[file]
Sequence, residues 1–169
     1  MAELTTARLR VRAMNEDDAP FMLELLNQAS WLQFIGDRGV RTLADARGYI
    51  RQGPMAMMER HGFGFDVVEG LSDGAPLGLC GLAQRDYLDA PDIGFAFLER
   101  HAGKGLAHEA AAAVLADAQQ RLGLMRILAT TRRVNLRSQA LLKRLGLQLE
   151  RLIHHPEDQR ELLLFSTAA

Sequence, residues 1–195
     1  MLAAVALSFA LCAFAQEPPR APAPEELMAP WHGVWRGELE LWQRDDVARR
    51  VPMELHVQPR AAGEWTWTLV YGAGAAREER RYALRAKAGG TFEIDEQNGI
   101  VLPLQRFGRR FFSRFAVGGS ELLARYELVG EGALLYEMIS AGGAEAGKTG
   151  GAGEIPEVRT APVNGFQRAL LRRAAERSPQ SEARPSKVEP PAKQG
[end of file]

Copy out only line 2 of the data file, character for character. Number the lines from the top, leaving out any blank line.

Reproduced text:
     1  MAELTTARLR VRAMNEDDAP FMLELLNQAS WLQFIGDRGV RTLADARGYI